In the News
Diabetes and obesity present serious upcoming challenges. If increases in diabetes incidence continue to trend upward, by 2050 one in three Americans could have diabetes, compared with one in 10 adults today, according to estimates published online in Population Health Metrics on October 22, 2010. Obesity also has increased dramatically in the past 30 years, and both conditions are significant risk factors for heart disease. Currently obesity costs U.S. employers $73.1 billion in medical expenses and lost productivity annually, according to the October 2010 issue of the Journal of Occupational and Environmental Medicine.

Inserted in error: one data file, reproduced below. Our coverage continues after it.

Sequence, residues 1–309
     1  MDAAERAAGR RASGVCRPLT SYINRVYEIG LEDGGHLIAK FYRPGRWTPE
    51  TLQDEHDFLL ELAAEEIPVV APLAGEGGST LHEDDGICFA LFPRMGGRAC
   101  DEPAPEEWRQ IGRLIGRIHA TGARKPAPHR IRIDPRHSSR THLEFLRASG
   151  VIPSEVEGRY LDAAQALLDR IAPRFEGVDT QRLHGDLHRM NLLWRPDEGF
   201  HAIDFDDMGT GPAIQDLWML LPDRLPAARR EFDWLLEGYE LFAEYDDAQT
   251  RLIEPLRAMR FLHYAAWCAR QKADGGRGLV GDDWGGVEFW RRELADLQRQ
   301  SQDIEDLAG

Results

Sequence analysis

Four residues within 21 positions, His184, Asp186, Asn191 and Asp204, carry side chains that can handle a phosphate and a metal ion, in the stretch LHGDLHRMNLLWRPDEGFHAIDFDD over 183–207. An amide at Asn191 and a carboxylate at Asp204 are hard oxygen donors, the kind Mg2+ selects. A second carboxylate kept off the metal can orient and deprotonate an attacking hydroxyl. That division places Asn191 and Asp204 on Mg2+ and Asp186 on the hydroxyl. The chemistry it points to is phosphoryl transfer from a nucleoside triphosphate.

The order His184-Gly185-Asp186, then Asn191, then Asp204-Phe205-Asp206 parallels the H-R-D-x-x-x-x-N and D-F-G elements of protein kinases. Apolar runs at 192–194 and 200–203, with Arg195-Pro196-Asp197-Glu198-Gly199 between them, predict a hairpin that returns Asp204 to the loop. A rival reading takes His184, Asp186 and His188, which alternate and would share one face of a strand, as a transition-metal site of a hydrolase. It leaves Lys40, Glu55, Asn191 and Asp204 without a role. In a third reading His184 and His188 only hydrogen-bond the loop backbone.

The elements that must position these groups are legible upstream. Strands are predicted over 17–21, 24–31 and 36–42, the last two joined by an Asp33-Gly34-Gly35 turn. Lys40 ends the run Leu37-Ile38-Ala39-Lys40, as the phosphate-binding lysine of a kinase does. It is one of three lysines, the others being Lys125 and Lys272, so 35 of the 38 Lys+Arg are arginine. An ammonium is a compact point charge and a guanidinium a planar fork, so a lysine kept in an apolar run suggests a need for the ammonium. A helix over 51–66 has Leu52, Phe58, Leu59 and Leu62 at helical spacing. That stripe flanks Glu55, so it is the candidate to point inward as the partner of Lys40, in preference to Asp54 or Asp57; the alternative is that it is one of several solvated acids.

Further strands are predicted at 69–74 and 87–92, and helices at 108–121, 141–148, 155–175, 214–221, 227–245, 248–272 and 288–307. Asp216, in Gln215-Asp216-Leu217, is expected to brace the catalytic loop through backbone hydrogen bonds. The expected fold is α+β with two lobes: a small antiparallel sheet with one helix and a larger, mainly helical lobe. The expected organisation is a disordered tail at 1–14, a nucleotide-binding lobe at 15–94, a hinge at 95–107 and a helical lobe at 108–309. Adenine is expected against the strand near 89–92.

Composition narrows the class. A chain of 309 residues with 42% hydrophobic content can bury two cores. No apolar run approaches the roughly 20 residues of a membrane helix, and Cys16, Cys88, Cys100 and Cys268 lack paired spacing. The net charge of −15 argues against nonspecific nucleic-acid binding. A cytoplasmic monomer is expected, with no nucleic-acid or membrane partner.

Compounding the situation, many overweight and obese people perceive themselves as being of normal weight and at low risk for heart disease, according to a research letter in the October 11, 2010, issue of Archives of Internal Medicine. And despite the glut of weight-loss information the public is bombarded with, little of the information regarding nonsurgical treatments is evidence based. One hope-inducing exception appeared in the October 27, 2010, issue of JAMA: in a year-long trial of calorie restriction combined with walking, 130 severely obese patients lost an average of 24 pounds and reduced their insulin resistance, waist circumference, blood pressure, and visceral abdominal fat. The results of this study strengthen the argument that insurance carriers should pay for lifestyle interventions.—Carol Potera